ManagementSpeak: Prepare an executive summary.
Translation: Write something a first-grader can figure out.
Alternate translation: Oversimplify your proposal. Then I can ask why it will cost so much.
This week’s submission anonymously summarizes how executives read.

As regular IS Survivalists may recall, in graduate school I researched communication between electric fish.

This involved me in many stimulating discussions of how to define communication … because after all, how can you research something when you don’t know what it is?

Back then, the standard sociobiological definition of communication was behavior on the part of one entity … the sender … that changes the behavior of another entity (the receiver).

It isn’t communication unless it changes the behavior of the recipient. Electric fish understand this. Do you?

Companies squander a lot of effort because somewhere between figuring things out and explaining the answer, many employees mistake their responsibilities. They think their job is done when they provide the information.

It isn’t, of course. There’s little more pathetic than a thick report in a three-ring binder, ignored and gathering dust on a shelf.

Your job isn’t done until your target has both understood your message and taken action on it. That action is the change in behavior on their part that proves communication has happened, validating your efforts.

What are the steps to effective communication?

1. Understand your audience. If it’s one executive, do everything you can to determine his or her “hot buttons”: Key motivators, personal and organizational goals, likes and dislikes. If it’s a small group, analyze each member this way. If it’s a large group, divide it into categories and profile each category.

2. Determine your key messages. You know way too much about this subject, and you’re going to be tempted to explain everything you know. Resist the temptation. What you have to say is the center of your cosmos, but it’s just one asteroid in your audience’s solar system. Choose no more than five key messages (three is better). If you can’t winnow your list down that far, you need to pull back to a higher-level perspective.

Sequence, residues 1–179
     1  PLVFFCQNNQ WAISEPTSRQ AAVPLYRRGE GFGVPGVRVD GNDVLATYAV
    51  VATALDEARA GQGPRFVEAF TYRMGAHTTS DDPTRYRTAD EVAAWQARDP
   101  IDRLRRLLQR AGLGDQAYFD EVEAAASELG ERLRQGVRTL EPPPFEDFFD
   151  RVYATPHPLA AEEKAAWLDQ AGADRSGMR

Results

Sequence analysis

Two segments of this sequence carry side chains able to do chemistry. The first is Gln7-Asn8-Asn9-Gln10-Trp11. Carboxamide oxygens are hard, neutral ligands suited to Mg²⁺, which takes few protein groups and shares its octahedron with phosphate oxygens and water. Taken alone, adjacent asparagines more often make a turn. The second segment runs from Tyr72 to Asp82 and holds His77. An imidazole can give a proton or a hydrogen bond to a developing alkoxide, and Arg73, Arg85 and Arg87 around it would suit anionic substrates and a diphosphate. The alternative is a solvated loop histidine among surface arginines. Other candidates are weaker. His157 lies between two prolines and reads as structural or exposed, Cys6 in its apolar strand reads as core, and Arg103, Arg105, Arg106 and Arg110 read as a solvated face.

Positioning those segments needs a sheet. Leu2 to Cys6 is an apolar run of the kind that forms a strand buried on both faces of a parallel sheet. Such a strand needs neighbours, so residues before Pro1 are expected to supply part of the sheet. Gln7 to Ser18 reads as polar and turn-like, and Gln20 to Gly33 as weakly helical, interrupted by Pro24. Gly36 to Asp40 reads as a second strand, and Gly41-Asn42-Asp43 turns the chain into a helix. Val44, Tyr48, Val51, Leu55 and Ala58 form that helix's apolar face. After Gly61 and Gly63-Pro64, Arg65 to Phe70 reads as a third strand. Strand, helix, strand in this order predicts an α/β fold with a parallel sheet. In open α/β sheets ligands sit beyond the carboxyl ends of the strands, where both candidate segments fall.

3. Choose your medium. Your key messages and knowledge about your audience’s preferred communication styles should determine the medium. “They should read their e-mail,” is about as useful as any other choice that substitutes how things should be for how they actually are. If your audience is an executive who wants to look you in the eye, make sure you meet face-to-face. And even though you “… like to scribble on the whiteboard while I’m talking,” … that’s your preference. If your audience will reject your message because whiteboard-scrawling connotes lack of preparation, stuff your preference in the closet and prepare a formal PowerPoint presentation. Or vice versa.

4. Use formatting to reinforce your message. When you communicate face-to-face, your vocal intonation and body language deliver as much information as your words. In memos and reports, intonation and body language aren’t available to you. That’s what formatting is for — to substitute for them. You know what your key messages are. How are you going to make sure the reader remembers them?

The act of formatting helps you think things through. Deciding what to bold or italicize, what to put in a bulleted or numbered list, what to separate into a sidebar, what to illustrate through a chart or graphic … or in PowerPoint, whether and how to animate a graphic or bulleted list, and what to put into a “kicker box” at the bottom … these decisions help you think through your message.

Carefully chosen formatting can have another benefit: It constitutes “meta-communication” — communication about the communication. It says you’ve thought through your communication instead of just blurting everything out. That’s a good message to send.

Ever receive an e-mail whose author couldn’t be bothered to capitalize the first letter of a sentence, or to break the message into multiple paragraphs?

Me too. This kind of if-you-can’t-say-it-in-pure-ASCII “anti-formatting” sends a message of its own: That the author’s attitude was, “Here’s everything I want to say,” and not, “Here’s what I think you’ll find interesting enough to remember.”

Complaining about feature-bloat is a popular pastime in some circles. Go ahead if you enjoy it. Me … I’ll use every technique I can to communicate. There’s too much information floating around as it is.